Whereas the project was “targeted to families who earn in excess of $100,000,” McCain said, the federal program eyed for mortgage insurance “is designed to promote vital urban renewal.” Downtown Manhattan, he judged, should not be a public priority, at least compared to “Harlem, South Chicago, South Central Los Angeles, and South Phoenix.” Projects meriting public assistance, he said, should support “the needy in the most seriously depressed areas.”
“Moreover,” McCain added, “the Donald Trumps of the world can more than afford to bear the risk of their endeavors, and should not be indemnified with taxpayer dollars.”
Still, Trump pressed ahead.
In his 2004 self-help book, “How to Get Rich,” Trump recounted how he phoned Mario Cuomo, who had recently lost his reelection bid to Republican George E. Pataki, to ask for a favor.
For years, Trump noted, he had supported the three-term governor — “I was one of his largest campaign contributors” — and received nothing in return. (Trump also gave generously to the younger Cuomo.) His repayment, Trump observed ironically, was “a tax on real estate so onerous that it drove many investors away from the city.”
“I called Mario to ask for a perfectly legal and appropriate favor involving attention to a detail at the Department of Housing and Urban Development, which at the time was being run by his son Andrew,” Trump recalled. He doesn’t go into detail about his request, but the question of mortgage insurance was before the agency at the time.
Cuomo demurred, saying he “rarely calls the ‘Secretary’ on business matters,” Trump wrote. He persisted: “I said to him, ‘Mario, he is not the Secretary. He’s your son.’”
Trump reiterated that he was making “a simple, aboveboard request,” and recounted, “Finally, I asked Mario point-blank, ‘Well, are you going to help me?’”
“In a very nice way,” Trump wrote, “he essentially told me no.”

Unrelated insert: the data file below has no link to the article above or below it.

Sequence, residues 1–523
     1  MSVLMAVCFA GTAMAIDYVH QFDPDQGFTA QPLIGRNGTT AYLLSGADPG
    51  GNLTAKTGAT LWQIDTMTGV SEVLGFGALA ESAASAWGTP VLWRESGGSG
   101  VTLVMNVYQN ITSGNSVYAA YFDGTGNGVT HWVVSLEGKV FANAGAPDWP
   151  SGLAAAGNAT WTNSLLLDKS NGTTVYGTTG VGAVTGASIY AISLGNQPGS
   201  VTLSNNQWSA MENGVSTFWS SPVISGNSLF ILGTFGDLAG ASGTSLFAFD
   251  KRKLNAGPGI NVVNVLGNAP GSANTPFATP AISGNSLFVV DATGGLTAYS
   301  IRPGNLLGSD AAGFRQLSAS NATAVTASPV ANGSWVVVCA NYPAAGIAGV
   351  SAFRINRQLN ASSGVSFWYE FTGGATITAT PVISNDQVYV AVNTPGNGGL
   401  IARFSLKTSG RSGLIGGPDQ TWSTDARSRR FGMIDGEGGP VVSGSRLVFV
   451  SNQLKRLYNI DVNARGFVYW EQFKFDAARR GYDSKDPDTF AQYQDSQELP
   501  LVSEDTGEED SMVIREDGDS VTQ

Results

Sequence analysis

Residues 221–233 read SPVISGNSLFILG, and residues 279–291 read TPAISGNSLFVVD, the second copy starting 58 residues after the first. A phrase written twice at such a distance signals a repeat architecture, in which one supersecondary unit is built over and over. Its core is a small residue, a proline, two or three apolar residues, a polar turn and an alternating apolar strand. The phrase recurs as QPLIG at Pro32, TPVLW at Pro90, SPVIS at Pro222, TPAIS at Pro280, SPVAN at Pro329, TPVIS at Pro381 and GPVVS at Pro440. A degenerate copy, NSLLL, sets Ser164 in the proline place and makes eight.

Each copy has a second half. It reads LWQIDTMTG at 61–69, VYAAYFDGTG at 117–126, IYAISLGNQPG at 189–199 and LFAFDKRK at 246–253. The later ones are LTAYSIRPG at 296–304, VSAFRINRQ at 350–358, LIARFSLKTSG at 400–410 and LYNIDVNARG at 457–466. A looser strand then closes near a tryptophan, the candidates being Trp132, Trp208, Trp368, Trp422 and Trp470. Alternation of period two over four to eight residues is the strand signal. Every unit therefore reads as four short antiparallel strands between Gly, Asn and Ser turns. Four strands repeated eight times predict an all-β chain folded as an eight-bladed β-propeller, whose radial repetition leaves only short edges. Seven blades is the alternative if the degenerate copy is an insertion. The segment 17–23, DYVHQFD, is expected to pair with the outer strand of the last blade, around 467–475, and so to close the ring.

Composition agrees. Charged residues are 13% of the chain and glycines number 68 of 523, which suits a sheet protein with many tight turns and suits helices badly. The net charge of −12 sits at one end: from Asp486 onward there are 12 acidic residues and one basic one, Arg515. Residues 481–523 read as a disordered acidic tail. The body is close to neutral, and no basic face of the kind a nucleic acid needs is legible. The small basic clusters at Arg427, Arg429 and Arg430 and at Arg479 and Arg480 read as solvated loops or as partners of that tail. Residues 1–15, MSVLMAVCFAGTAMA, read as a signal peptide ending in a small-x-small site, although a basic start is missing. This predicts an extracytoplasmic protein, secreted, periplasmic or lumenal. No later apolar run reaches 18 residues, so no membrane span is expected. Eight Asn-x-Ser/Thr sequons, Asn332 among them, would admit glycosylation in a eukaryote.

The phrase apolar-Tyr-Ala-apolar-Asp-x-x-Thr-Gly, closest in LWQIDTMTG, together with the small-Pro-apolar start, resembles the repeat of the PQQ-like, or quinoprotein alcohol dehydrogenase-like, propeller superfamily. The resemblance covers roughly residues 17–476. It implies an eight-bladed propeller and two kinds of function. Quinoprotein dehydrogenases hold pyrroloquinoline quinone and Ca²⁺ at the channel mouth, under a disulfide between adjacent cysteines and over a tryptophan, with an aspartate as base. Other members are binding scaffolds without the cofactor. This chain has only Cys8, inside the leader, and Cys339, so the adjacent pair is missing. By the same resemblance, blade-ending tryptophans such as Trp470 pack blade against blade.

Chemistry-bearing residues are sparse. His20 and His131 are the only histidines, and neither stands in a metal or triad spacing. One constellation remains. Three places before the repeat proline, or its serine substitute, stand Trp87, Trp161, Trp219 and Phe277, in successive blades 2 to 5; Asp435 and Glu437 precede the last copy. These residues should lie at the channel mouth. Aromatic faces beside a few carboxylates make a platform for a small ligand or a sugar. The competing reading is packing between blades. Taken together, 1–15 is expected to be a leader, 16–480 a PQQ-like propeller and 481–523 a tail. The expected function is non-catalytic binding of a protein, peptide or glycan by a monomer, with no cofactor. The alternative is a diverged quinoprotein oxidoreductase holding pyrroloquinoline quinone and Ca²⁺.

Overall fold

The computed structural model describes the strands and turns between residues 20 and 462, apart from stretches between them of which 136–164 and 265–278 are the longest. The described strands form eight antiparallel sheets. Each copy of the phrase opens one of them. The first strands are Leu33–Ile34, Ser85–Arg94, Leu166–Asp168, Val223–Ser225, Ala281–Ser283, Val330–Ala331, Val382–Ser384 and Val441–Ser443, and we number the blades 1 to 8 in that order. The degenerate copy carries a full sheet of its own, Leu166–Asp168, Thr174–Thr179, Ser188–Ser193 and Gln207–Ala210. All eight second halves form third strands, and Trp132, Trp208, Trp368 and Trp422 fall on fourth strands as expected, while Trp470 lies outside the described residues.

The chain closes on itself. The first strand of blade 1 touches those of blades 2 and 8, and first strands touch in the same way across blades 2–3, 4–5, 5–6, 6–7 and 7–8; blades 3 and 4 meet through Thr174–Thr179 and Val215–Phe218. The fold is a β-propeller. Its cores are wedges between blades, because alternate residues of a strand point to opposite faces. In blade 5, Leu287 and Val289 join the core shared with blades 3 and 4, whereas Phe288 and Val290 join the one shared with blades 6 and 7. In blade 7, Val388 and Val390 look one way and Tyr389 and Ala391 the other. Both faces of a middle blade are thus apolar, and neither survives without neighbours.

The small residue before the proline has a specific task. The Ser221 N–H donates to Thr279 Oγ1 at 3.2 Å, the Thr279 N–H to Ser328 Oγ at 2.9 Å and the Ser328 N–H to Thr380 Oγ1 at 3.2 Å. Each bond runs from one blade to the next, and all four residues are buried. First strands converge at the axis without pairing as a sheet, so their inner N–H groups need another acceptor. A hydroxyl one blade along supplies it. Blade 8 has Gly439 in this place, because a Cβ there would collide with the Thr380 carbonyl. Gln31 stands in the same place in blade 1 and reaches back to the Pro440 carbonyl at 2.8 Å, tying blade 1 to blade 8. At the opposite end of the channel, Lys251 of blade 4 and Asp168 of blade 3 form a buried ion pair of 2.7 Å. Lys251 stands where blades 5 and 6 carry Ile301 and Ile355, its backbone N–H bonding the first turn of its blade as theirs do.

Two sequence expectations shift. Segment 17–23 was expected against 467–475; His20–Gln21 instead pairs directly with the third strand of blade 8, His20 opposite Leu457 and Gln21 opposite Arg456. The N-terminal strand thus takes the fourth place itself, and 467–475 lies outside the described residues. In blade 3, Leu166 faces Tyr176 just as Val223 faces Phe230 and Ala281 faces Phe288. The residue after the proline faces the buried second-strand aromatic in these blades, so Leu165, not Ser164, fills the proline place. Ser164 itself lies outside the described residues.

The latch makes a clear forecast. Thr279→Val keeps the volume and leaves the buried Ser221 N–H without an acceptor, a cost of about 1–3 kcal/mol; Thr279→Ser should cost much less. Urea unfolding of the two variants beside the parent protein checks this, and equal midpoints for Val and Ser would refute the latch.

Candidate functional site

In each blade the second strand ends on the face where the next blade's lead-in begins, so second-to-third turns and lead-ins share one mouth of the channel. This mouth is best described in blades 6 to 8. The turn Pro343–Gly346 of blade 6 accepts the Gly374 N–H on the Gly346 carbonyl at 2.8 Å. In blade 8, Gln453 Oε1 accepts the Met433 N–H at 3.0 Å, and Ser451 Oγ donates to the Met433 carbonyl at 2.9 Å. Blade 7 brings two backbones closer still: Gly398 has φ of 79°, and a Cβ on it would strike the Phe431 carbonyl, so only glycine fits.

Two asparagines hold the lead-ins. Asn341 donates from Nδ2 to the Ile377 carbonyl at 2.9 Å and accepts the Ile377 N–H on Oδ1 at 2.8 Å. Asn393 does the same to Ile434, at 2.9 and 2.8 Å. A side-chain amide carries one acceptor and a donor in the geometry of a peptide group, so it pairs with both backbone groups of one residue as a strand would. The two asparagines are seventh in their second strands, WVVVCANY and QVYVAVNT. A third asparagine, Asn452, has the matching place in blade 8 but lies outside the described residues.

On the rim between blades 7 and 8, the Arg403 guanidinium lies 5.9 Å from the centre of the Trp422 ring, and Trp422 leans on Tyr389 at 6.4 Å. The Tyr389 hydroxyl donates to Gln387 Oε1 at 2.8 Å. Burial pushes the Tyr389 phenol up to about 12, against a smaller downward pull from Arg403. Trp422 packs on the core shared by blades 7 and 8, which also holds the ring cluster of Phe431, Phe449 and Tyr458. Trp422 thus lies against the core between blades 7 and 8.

The real estate mogul was incensed.
“I did the only thing that felt right to me,” Trump wrote. “I began screaming. ‘You son of a b‑‑‑‑! For years I’ve helped you and never asked for a thing, and when I finally need something, and a totally proper thing at that, you aren’t there for me. You’re no good. You’re one of the most disloyal people I’ve known and as far as I’m concerned, you can go to hell.’”
His break with Cuomo was complete, Trump explained, though he would go on to bankroll the political aspirations of his foe’s progeny. Meanwhile, the younger Cuomo has said he won’t return Trump’s campaign donations. In fact, the governor had been reserved in his criticism of the president until a left-wing primary challenge emerged, in the form of actress Cynthia Nixon.
Trump’s criticism of the current governor has been blistering, but his approach to his father was perhaps even more severe.
“Now whenever I see Mario at a dinner, I refuse to acknowledge him, talk to him, or even look at him,” Trump maintained in his book. He did allow that the former governor’s wife, Matilda, “is a fine woman and was a terrific friend to my mother. It’s not her fault that her husband is a loser.”
There are shades of the future president here: his readiness to attack, his fixation on loyalty, his transactional view of human relations. Even his vocabulary — from his disparagement of Cuomo as a “loser” to his appraisal of his wife as “a fine woman” — anticipates the language he would come to deploy from the presidential bully pulpit.
Trump failed to win mortgage insurance for the project. Environment & Energy Publishing reported that he withdrew the application, while the New York Times said the federal government in 1998 rejected an appeal for at least $180 million in insurance.
Glaser, HUD’s top lawyer at the time, told The Post that it became clear as the agency reviewed Trump’s application that he was “trying to shift millions in federal funds meant for affordable housing into his own profits.”
“Trump never got over Cuomo blocking the scheme, even threatening a run for Governor against Cuomo in 2014,” Glaser said. “It was all personal payback.”
Trump drew a clear lesson from his dealings with the Cuomo family. He titled this chapter of his book, “Sometimes You Have to Hold a Grudge.”